What’s Cooking—Local Food News Gluten-Free Vodka: Bombora and CooranBong Making a Splash Across U.S.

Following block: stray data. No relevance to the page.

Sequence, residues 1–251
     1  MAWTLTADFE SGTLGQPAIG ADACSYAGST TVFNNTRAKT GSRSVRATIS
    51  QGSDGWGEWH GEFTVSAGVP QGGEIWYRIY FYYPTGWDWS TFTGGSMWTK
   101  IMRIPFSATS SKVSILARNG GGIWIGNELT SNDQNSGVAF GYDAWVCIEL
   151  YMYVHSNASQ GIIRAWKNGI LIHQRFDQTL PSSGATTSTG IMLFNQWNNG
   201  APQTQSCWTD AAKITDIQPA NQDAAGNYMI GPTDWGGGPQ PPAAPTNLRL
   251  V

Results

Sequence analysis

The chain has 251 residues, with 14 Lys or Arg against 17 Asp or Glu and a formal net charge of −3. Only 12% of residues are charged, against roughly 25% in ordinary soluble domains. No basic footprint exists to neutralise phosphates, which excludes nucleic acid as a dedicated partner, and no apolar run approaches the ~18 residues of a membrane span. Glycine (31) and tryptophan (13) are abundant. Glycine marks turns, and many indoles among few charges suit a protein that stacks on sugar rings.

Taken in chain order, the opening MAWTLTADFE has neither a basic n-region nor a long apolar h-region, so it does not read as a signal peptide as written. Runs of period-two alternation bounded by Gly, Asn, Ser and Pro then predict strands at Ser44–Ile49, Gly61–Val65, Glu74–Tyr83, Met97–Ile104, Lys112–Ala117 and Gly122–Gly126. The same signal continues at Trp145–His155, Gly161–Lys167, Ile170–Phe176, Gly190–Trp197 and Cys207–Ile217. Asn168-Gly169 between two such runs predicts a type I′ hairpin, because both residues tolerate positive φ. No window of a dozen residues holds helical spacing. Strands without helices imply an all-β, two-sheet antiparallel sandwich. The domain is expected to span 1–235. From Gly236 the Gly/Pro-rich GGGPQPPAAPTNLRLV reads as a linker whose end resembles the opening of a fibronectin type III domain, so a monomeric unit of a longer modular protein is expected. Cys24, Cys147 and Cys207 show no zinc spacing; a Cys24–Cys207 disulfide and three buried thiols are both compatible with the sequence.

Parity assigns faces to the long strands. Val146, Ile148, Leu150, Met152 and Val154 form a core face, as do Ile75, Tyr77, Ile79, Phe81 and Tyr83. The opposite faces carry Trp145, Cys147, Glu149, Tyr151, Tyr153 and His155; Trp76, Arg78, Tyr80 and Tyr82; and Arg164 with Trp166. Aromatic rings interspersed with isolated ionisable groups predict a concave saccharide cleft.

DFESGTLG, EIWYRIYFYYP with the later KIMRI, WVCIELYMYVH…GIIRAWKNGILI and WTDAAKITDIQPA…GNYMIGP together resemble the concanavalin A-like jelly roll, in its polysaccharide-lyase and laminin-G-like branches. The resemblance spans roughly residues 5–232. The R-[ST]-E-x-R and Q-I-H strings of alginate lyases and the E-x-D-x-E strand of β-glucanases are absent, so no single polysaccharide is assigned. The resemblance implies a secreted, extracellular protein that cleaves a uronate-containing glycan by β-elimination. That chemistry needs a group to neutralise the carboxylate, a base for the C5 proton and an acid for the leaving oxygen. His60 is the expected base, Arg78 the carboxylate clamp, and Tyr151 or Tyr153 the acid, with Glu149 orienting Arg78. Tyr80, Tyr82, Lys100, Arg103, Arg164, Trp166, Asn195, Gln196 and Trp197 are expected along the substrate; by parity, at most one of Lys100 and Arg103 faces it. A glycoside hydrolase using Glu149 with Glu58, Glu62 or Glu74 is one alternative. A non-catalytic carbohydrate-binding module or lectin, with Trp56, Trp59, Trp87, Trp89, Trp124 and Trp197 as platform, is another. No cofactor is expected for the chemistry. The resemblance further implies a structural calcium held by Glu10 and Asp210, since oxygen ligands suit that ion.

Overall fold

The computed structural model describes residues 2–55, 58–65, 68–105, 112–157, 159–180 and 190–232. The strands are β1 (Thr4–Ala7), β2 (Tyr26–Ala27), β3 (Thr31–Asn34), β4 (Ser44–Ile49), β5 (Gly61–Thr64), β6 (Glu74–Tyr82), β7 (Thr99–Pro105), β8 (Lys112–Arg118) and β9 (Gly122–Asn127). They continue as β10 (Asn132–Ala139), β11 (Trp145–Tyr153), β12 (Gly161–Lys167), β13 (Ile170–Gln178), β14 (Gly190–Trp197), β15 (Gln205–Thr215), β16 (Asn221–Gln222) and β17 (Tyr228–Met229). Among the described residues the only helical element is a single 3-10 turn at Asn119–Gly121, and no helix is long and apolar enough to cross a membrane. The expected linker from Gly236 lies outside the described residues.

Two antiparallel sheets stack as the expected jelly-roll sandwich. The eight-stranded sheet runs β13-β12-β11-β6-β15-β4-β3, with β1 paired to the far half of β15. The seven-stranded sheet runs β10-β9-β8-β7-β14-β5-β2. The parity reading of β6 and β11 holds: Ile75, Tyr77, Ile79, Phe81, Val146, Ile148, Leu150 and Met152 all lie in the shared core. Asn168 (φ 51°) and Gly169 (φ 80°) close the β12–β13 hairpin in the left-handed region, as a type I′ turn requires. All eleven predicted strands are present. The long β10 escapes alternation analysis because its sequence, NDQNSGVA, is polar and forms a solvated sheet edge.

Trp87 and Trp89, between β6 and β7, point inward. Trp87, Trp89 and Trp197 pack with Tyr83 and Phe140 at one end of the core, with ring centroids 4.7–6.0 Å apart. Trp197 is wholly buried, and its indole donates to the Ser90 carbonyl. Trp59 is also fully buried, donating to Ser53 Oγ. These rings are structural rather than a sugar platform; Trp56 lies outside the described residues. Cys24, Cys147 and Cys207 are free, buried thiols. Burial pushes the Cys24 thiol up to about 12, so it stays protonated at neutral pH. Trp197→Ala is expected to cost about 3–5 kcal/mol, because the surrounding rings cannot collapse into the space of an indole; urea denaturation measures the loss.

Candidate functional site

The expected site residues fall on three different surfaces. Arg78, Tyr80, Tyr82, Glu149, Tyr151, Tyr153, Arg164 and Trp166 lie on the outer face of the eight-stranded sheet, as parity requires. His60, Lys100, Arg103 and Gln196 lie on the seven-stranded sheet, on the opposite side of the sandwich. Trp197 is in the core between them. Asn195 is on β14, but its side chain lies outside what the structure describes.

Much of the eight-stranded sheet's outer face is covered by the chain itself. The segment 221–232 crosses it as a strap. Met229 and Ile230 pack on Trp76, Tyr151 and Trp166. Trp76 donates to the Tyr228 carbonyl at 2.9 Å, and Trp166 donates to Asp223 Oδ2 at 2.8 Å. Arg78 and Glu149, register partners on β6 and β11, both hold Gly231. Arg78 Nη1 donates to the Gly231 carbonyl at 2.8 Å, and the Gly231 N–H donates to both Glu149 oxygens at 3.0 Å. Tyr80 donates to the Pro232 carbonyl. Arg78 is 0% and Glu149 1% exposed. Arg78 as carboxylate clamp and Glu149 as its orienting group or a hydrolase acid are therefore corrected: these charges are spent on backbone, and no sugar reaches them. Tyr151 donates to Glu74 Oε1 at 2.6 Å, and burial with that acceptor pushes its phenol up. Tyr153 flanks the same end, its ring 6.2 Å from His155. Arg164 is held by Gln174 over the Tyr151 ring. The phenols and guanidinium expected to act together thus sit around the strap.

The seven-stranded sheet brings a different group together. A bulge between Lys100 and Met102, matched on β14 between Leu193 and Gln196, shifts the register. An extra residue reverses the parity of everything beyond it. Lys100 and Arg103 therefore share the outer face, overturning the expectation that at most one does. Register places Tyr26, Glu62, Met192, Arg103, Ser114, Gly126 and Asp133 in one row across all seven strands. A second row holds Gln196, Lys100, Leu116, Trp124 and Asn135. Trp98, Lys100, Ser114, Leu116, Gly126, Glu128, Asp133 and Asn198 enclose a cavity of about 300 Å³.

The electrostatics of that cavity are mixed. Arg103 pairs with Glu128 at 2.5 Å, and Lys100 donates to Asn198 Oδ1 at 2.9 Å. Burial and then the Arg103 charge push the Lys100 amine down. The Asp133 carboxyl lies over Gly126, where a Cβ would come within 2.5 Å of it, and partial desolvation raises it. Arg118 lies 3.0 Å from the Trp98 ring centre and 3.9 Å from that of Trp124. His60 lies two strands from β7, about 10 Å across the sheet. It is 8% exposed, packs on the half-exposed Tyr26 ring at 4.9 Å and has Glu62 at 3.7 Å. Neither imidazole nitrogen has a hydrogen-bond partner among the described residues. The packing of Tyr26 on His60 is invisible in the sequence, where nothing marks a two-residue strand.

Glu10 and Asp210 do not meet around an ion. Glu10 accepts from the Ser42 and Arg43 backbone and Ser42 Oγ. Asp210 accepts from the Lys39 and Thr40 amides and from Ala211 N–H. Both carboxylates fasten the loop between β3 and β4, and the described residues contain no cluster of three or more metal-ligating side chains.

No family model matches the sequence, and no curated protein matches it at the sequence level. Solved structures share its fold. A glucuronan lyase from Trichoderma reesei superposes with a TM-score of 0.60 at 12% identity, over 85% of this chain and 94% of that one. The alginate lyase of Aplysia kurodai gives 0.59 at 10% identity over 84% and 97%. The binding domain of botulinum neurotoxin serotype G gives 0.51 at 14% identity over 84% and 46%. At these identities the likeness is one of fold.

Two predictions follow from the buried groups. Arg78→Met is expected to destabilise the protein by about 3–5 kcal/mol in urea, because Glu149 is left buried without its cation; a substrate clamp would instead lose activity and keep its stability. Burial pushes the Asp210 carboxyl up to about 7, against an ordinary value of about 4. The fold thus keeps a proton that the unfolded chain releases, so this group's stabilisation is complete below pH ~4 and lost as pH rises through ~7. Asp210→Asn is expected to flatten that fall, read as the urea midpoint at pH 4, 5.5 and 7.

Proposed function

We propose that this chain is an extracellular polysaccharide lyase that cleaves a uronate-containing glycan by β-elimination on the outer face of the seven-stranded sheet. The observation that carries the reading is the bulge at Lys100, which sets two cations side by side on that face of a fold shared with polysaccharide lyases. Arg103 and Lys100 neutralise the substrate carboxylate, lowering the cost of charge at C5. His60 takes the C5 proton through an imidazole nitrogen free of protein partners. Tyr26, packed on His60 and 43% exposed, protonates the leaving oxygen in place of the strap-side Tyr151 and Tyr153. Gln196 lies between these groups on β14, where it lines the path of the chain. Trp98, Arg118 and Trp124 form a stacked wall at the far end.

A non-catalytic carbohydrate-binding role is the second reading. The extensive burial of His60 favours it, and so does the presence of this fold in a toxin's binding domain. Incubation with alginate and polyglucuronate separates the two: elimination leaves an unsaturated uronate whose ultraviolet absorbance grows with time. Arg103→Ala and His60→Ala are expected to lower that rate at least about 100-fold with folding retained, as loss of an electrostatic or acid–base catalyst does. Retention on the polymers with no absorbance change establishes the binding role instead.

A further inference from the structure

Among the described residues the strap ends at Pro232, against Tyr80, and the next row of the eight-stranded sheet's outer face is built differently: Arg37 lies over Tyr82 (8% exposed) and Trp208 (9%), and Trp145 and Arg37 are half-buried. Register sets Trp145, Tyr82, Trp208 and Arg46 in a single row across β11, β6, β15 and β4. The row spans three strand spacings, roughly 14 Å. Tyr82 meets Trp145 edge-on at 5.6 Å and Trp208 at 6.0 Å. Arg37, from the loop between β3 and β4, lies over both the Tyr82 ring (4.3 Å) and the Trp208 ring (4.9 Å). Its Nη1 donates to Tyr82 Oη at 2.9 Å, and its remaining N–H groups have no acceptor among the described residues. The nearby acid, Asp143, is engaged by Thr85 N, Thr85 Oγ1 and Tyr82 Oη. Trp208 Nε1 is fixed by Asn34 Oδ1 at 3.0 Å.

luten allergies and Celiac Disease have hit the forefront with many people having to switch their entire diet in order to cope. G’Day Imports is excited to give those looking for a gluten-free diet, who enjoy vodka, another alternative. While most vodkas are produced in Europe or the U.S from either potatoes or wheat, G’Day Imports’ grapebased vodkas are distilled in a 100 percent wheat, barley and rye free establishment, thus giving G’Day an edge in the market. Dave Freyder, CEO of G’Day Imports, LLC says “Many people of all ages are becoming much more aware of nutrition and simply feel better on a gluten-free diet. A vodka distilled from Australian premium grapes, rather than one from grain, is the perfect choice.” Restaurants and liquor stores are responding to this consumer demand by adding numerous gluten-free options; Bombora and CooranBong vodkas happen to be a part of that. Bombora, meaning “Reef” in Aborigine, is the # 1 selling premium vodka from Australia and is distilled five times from premium grapes and calls Surfer’s Paradise, Queensland, Australia home. With a surfer riding a big wave on the front, Bombora bottles up the best of fun, sun and surf. But it’s not just about the vodka; Bombora is also about fun events as they’ve teamed up with partners such as Billabong to co-host concerts, surfing and extreme sporting events. CooranBong, which means “Water Over Rocks” in Aborigine, is a super premium, distilled 10 times from primarily Cabernet Sauvignon and Shiraz grapes. These quality ingredients are distilled to create one of the smoothest, most pure and refreshing vodkas on the market. CooranBong is an elegant, ultra smooth vodka—it is pure Australian. And, like most Australians who like to have a good time enjoy